The story is really about me more than Lily. I wasn't offended by the mother. She didn't know what had happened. She just saw some woman interfering with her daughter. My guess is that the daughter never told her what happened. Thanks for reading my people-almost-met series and commenting. I really enjoy seeing how people are affected differently by the stories.

FlourishAnyway from USA on January 08, 2015:

This is a terrific story on so many levels. It's too bad the mother in particular reacted as she did.

Catherine Giordano (author) from Orlando Florida on January 03, 2015:

B. Leekley: Thanks for sharing the information about signs of drowning.

Brian Leekley from Bainbridge Island, Washington, USA on January 03, 2015:

I agree that this is important information. See also the hub SIGNS OF DROWNING by amkatee.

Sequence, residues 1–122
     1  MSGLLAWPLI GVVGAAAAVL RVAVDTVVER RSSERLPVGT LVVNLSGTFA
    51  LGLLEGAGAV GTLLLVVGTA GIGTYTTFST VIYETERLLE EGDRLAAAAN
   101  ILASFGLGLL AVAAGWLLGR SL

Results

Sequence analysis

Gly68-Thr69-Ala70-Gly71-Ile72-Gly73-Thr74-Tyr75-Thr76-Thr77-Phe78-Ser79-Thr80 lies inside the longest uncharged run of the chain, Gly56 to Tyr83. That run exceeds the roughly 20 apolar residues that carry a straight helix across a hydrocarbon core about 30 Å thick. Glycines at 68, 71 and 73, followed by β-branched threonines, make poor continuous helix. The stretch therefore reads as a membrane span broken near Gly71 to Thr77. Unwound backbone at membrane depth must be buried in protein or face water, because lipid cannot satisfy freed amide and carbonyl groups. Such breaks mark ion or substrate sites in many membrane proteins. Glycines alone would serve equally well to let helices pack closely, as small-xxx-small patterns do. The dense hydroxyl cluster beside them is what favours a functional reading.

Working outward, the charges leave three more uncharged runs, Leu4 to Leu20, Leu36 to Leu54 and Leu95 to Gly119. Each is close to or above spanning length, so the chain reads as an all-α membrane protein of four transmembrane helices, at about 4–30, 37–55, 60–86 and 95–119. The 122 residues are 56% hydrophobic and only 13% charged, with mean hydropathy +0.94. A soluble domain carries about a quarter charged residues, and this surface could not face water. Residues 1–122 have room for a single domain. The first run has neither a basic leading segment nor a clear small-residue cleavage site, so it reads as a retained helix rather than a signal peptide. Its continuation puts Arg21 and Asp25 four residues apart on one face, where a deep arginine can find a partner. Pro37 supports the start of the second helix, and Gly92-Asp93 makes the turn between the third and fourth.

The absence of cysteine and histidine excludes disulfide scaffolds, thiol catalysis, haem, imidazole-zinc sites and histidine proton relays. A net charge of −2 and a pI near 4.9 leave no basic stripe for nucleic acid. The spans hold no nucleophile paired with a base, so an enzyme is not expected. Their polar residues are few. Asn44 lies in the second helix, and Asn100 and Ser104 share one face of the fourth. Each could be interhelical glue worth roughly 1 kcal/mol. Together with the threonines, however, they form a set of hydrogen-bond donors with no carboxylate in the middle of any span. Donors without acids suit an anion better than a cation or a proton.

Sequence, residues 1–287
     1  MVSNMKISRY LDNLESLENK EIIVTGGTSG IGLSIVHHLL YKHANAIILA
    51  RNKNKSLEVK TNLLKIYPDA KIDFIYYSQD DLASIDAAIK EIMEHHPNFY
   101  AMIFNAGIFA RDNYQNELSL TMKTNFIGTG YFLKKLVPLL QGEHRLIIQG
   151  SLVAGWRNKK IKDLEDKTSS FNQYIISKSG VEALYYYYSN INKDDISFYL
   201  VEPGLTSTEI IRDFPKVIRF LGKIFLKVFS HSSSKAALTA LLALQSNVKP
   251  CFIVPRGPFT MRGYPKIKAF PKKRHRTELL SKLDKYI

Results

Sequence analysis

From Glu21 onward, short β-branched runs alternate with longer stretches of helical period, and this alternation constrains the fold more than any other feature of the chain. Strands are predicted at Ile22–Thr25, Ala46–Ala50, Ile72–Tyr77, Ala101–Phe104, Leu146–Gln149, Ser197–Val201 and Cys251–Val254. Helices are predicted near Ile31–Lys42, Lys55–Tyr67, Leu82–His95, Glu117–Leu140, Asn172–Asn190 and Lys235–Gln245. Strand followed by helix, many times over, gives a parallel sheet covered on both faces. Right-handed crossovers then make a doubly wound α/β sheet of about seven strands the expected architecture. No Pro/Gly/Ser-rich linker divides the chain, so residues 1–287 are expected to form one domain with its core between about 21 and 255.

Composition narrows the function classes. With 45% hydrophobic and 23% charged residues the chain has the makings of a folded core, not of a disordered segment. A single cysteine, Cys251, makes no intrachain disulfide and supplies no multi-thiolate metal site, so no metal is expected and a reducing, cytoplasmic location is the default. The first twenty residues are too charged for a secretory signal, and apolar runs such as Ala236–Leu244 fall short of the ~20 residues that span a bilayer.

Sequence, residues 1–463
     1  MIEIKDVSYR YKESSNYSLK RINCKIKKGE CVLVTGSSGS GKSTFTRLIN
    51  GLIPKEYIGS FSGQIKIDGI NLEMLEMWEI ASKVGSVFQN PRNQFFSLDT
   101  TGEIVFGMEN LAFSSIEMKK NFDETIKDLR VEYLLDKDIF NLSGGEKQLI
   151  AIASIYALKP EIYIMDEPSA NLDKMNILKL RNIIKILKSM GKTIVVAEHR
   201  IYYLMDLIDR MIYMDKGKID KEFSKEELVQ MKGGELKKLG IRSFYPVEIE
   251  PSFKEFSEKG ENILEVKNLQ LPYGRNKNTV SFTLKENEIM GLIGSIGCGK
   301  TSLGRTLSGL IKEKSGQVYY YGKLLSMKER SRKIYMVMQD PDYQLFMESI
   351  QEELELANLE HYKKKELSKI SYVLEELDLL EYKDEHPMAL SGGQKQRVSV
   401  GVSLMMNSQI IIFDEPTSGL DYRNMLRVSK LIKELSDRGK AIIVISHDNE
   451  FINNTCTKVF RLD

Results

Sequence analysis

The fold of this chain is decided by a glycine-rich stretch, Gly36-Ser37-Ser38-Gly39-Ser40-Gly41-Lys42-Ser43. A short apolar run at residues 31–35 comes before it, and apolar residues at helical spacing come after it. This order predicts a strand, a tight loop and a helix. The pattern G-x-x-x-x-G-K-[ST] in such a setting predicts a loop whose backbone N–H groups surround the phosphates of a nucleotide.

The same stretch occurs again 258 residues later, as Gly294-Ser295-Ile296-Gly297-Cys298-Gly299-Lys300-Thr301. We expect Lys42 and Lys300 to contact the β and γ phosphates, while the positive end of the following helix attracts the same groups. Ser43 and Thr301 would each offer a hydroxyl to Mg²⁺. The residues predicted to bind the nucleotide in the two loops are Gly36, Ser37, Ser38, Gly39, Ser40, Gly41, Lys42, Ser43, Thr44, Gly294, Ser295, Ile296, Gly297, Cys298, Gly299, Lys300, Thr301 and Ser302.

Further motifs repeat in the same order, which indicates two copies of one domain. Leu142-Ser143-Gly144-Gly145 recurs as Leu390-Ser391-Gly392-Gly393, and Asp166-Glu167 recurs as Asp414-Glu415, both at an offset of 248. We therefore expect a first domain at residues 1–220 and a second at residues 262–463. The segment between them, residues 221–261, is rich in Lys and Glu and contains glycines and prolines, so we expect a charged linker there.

Catherine Giordano (author) from Orlando Florida on January 03, 2015:

Thank you, BlossomSB for reading and commenting. The parents were probably embarrassed that their child had almost drowned because they weren't paying attention. At least you know that you saved a life that day. I hope that my story will teach people what drowning looks like so they won't make the same mistake I made when I was eight.

Bronwen Scott-Branagan from Victoria, Australia on January 03, 2015:

Thanks for sharing your story. Something similar happened to me as a teenager. No thanks at all for rescuing a five year old from the end of a jetty when I returned her to her parents.

Catherine Giordano (author) from Orlando Florida on January 03, 2015:

Thanks again, ann. It's lovely sharing with you. When I first started on HP, I didn't know what votes and sharing were. I learned by people telling me they did it in the comments. Now I'm here 7 months and it still means something to see it. To me, it says," I really really like your hub. I'm not just saying nice things to be polite."